“So soaking flour brings out the chemicals in the grains which keep them from sprouting. And, as those chemicals are hard for humans to digest, soaking the flour makes it easier to digest,” I say to my husband, proudly expounding this latest baking-game-changing fact. His wry smile says “so you’re making our lives more complicated again?!”
Yes and no.
Soaking flour does mean planning ahead. I no longer bake anything without soaking it for at least 12 hours, so gone are the days of think, bake, eat. At first it was frustrating. The kids wanted a snack and I had nothing ready. But I soon realised that all I needed to do was plan it in, and instead of feeling like this is a burden I have found it feels much calmer because I am organized.
It is like a larger scale mise en place – the words chefs use to mean having everything prepared and ready. Each evening I think about the next day’s snacks – do we have any? If no snacks are ready, then I think what have we had recently? And what can I make? I make something and put it in the fridge. The next day I am ready. I can pull out the snack, bake it, and voila, we are set for the day.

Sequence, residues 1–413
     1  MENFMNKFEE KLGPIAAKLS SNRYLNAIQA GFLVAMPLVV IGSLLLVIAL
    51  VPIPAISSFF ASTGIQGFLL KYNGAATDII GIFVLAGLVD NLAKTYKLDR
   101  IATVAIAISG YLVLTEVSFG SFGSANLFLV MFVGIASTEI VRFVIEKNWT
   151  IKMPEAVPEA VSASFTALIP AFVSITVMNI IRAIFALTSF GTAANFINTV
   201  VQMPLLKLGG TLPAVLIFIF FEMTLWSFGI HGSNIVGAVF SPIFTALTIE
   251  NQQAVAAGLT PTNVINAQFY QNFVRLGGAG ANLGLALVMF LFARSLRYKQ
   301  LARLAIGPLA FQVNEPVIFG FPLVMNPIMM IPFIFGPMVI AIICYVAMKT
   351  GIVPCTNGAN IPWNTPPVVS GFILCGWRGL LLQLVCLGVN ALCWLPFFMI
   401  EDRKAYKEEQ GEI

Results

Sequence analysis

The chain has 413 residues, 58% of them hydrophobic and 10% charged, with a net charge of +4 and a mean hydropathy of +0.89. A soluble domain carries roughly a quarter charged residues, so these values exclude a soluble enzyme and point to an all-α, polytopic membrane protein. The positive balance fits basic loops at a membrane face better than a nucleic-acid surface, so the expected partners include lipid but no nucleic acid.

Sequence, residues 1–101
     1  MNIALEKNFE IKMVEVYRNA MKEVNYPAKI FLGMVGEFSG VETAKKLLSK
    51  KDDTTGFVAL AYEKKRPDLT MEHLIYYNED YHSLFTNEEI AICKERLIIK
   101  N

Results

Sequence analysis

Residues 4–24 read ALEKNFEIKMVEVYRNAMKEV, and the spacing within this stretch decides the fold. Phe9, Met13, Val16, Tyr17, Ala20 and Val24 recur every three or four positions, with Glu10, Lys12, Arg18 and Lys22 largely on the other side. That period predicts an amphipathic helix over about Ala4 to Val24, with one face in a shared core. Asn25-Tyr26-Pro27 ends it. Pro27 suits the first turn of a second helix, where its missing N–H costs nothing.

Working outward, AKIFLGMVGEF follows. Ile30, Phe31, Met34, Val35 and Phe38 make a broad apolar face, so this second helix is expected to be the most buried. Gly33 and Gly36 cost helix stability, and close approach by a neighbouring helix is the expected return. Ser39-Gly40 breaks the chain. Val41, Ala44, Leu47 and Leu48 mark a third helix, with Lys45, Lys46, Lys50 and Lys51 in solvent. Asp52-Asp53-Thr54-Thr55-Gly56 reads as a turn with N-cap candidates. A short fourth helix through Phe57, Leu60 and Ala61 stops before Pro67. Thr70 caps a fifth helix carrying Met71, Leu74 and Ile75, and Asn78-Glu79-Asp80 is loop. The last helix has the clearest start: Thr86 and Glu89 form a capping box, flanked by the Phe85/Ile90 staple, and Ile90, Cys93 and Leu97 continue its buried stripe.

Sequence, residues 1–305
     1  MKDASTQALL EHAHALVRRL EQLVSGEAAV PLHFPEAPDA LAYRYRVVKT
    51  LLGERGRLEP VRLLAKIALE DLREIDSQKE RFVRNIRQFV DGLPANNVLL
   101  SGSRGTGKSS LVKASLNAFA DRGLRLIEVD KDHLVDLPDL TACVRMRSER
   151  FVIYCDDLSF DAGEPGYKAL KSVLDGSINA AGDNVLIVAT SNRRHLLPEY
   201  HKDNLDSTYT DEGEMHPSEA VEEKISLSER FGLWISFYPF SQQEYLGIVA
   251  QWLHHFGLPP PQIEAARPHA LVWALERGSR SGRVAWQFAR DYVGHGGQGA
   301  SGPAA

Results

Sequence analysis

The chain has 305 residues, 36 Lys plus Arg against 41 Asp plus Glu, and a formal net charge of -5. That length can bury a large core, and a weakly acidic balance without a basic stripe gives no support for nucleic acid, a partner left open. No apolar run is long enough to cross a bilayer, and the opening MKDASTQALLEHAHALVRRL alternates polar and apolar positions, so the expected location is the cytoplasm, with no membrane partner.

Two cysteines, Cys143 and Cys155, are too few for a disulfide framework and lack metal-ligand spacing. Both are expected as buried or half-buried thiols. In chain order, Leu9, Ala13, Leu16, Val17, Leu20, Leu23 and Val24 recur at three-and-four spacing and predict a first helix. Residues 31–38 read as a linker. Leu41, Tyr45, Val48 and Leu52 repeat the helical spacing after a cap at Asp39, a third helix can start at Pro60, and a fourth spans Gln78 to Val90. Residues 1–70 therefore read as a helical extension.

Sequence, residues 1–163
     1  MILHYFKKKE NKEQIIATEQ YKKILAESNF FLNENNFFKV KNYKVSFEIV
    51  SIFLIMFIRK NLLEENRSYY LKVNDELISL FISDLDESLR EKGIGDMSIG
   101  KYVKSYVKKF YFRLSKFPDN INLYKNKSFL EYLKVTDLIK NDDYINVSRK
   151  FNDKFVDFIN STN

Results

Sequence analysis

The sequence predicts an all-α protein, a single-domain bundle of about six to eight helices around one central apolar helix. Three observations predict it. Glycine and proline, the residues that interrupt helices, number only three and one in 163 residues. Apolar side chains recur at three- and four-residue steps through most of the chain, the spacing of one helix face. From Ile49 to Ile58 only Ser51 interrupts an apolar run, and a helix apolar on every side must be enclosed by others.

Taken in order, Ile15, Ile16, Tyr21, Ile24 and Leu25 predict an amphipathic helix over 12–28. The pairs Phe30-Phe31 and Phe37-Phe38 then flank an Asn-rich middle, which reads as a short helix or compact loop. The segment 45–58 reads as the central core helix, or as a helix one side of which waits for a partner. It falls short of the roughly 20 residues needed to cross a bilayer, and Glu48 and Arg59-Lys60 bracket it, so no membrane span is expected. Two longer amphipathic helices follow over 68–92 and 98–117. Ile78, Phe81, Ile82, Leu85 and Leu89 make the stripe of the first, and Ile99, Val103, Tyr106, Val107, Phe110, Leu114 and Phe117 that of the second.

I’ve been doing this more and more. I make sure we have frozen sourdough pancakes and waffles in the freezer, oatmeal soaking in milk for my daughter’s breakfast in the fridge, some vegetable fermenting on the shelf, flour soaking for bread, and meet defrosting for dinner. It is a lot to think about but keeping my mise en place going is what keeps our stomachs happy and full and that comfort is worth the preparations.
- 5.5oz whole wheat flour
- Pinch of salt
- 2-3oz chopped nuts (pecans, cashews almonds, or any other nut or seed you like)
- 1 stick of unsalted butter (4oz)
- 1/2 tsp vanilla
- 2oz honey
Melt butter. Add honey and vanilla. Set aside. In a large bowl mix flour and salt. Add chopped nuts/seeds and combine. Pour over the butter mixture and stir well. Press into a greased pie pan with the back of a metal spoon or Saran Wrap.
Refridgerate over night.
The next day bake at 350F/180C for 15 minutes until brown at the edges.